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The Rev. Dr. John H. Pavelko


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 All Saints Sunday and 31st Sunday in Ordinary Time

Matthew 23:1-12

 The Humility that Leads to Sainthood

Serve Afghanistan

In times of war, civilians suffer severe casualties. They are nearly defenseless. They suffer traumas, the loss of limbs and death. Infant mortality is very high. Since the invasion of Afghanistan by the coalition forces, nearly 150 out of 1000 children born die each year. They are malnourished, un-vaccinated,and exposed to unsanitary water supplies. Those with disabilities suffering even worse. With a shortage of basic survival supplies, relieve workers struggle to obtain educational material for those who have some type of disability. Gayle Williams a British South African decided to respond to God's call and go to Afghanistan to serve. Her work focused on rehabilitation. She sought to raise awareness of the needs of the people with disabilities within the community. She tried to integrate children with disabilities into local schools. Gayle also provided rehabilitative training. She had been peacefully living in Afghanistan for over two years, but a radical Islamic group decided that she was proselytizing and they marked her for death. On October 20, two men rode up to her on a motorcycle and fired seven shots. Gayle Williams died a martyrs death serving her Lord and the people she loved.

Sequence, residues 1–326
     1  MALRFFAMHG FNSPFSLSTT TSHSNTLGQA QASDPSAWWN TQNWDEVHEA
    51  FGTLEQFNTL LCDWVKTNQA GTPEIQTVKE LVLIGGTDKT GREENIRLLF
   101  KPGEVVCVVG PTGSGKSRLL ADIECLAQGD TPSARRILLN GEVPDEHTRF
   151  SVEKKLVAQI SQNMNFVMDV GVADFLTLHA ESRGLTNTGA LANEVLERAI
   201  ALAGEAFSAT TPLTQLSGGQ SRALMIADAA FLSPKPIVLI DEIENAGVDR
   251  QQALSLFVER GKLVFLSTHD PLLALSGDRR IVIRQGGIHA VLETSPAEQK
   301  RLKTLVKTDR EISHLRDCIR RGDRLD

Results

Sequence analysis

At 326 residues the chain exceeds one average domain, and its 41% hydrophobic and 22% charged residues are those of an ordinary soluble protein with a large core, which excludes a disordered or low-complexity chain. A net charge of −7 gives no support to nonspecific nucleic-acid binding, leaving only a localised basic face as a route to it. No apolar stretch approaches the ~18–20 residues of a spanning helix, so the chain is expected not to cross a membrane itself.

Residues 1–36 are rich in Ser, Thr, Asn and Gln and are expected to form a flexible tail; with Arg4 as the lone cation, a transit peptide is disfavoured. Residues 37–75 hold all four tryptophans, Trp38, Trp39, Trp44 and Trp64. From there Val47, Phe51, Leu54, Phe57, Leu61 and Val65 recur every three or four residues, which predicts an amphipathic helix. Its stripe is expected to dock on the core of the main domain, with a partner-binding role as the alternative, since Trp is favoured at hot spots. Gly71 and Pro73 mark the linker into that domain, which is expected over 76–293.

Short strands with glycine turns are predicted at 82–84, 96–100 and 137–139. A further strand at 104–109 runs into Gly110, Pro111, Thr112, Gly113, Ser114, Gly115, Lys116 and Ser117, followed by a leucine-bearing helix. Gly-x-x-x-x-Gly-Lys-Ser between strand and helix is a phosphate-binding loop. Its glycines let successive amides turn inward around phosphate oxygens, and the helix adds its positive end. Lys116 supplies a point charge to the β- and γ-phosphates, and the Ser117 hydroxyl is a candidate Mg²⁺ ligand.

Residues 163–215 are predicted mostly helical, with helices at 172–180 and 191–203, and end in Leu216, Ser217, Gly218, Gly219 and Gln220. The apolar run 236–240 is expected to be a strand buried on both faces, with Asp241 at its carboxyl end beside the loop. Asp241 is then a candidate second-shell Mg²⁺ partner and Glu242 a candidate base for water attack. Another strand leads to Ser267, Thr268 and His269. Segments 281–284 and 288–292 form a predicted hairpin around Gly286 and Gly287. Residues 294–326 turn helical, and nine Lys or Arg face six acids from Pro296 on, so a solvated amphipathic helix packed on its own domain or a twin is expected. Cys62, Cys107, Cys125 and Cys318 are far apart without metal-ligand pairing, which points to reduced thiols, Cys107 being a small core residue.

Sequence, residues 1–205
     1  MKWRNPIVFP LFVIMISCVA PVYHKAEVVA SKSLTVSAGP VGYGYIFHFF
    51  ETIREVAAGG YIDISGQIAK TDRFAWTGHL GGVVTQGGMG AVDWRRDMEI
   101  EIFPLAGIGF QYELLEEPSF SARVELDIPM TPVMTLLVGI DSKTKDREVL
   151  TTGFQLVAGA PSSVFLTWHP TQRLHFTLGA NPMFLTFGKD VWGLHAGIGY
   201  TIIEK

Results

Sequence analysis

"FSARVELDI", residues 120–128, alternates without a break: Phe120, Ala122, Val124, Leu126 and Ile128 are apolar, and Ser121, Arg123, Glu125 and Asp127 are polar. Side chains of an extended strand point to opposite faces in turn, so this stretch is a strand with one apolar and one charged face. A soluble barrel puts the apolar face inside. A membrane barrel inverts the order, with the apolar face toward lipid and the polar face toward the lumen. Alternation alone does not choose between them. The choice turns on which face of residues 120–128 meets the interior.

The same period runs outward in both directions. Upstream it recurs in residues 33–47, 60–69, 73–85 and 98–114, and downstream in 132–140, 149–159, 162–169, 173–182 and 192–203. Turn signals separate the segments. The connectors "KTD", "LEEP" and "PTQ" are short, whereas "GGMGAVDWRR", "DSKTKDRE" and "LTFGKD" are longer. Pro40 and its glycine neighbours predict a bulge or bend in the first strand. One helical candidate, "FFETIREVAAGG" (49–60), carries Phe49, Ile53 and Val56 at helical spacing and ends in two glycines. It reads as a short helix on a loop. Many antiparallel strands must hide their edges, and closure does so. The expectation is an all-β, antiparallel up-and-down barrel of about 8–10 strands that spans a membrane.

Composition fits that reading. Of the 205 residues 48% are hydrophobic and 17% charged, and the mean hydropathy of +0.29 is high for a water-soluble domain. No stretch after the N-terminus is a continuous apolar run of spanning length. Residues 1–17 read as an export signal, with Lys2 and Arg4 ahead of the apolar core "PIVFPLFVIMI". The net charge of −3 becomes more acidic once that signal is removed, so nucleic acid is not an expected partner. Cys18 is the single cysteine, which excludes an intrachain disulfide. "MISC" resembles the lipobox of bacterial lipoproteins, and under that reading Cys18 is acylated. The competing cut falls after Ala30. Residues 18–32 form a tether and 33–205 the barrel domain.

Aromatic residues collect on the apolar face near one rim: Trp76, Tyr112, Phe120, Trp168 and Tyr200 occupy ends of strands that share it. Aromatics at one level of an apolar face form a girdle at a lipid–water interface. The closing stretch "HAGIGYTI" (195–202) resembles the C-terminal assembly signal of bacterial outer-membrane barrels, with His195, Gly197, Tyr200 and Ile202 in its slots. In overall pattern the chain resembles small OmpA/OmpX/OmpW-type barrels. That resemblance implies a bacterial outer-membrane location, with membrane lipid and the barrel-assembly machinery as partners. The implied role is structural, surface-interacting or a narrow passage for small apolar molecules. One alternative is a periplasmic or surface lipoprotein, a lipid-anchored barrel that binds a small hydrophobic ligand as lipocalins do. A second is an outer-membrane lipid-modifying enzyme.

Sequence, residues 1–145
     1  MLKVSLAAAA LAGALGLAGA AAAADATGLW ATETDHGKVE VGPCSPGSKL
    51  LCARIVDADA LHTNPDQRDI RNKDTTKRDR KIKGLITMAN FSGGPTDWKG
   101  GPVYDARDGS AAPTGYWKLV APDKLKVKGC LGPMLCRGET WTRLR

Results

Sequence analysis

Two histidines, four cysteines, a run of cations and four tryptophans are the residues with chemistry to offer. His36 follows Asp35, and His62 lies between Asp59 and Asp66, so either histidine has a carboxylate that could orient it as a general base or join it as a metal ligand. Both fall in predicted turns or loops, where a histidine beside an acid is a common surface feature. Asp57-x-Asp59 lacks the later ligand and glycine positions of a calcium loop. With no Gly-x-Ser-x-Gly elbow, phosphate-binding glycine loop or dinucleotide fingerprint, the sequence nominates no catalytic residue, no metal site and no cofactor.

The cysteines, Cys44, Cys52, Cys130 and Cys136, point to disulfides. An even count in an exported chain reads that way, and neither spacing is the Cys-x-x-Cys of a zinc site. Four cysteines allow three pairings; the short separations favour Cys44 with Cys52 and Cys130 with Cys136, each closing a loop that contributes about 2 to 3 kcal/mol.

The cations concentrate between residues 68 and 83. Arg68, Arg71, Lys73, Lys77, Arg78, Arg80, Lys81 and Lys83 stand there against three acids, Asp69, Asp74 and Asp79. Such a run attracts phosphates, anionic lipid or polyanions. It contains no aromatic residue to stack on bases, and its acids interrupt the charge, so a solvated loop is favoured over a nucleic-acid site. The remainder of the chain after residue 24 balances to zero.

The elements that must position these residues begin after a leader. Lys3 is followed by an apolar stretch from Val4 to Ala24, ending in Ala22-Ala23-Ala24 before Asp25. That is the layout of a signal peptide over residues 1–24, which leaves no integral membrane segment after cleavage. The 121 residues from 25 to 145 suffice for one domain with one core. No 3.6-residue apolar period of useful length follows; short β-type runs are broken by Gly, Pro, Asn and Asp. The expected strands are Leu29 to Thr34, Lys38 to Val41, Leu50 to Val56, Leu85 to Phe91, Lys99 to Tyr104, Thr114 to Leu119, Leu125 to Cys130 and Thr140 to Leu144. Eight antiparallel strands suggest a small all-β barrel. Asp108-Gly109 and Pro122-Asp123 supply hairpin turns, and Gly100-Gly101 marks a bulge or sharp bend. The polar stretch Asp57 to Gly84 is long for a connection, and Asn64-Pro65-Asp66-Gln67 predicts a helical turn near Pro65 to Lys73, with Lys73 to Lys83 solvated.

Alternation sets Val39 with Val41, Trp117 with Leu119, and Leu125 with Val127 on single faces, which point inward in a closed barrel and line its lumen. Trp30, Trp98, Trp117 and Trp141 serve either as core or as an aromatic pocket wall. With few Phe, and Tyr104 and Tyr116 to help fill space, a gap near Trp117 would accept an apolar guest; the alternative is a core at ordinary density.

In the early church, the people would gather on the anniversary of the death of a martyr and celebrate the Eucharist. With the persecution of emperor Diocletian, the numbers of martyrs became so great that a separate day to remember each person became impossible. In 270 they began to remember all the martyrs but we do not have a record of a specific date. Pope Boniface dedicated the Pantheon at Rome to the Blessed Virgin and the martyrs in 609 on May 13. This date was later changed by Pope Gregory III in 731-741. Later it was expanded to include all those who have entered the church triumphant.

John Calvin discouraged celebrating the festival because of its superstitious trappings. Many Catholics believed that the relics of the saints held supernatural power to heal and bring answers to prayer. Each year these relics were brought out for the public and for a donation, the faithful would be allowed to touch one of these treasures. Without the aid of scientific archeology, there was no way to authenticate every claim and some became rather absurd. Calvin also believed that by prayers to the saints improperly displaced Christ' role as mediator with the Father in behalf of the believer. The reformer believed that we are to pray to the Father in the name of the Son and by the power of the Holy Spirit. He thought that prayers to saints are the Virgin Mary did not have any support in Scripture. However, I believe that we lose something when we do not remember the life and witness of those who have gone on before us, especially those who sacrificed their life in the service of their Lord.

By not celebrating All Saints Day we can easily forget the suffering that hundreds of thousands of Christians must endure each and every day. During this last year over 500,000 Christians have suffered martyrdom for the faith.



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Crossroads Presbyterian Church
1445 Welch Rd
Walled Lake MI 48390


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